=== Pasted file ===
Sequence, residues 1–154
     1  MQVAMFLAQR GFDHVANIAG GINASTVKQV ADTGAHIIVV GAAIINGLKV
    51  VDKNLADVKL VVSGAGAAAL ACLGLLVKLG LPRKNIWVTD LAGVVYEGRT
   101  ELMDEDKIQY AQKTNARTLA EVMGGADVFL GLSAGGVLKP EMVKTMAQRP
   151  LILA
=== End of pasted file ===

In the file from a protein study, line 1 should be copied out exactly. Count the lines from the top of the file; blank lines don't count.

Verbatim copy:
Sequence, residues 1–154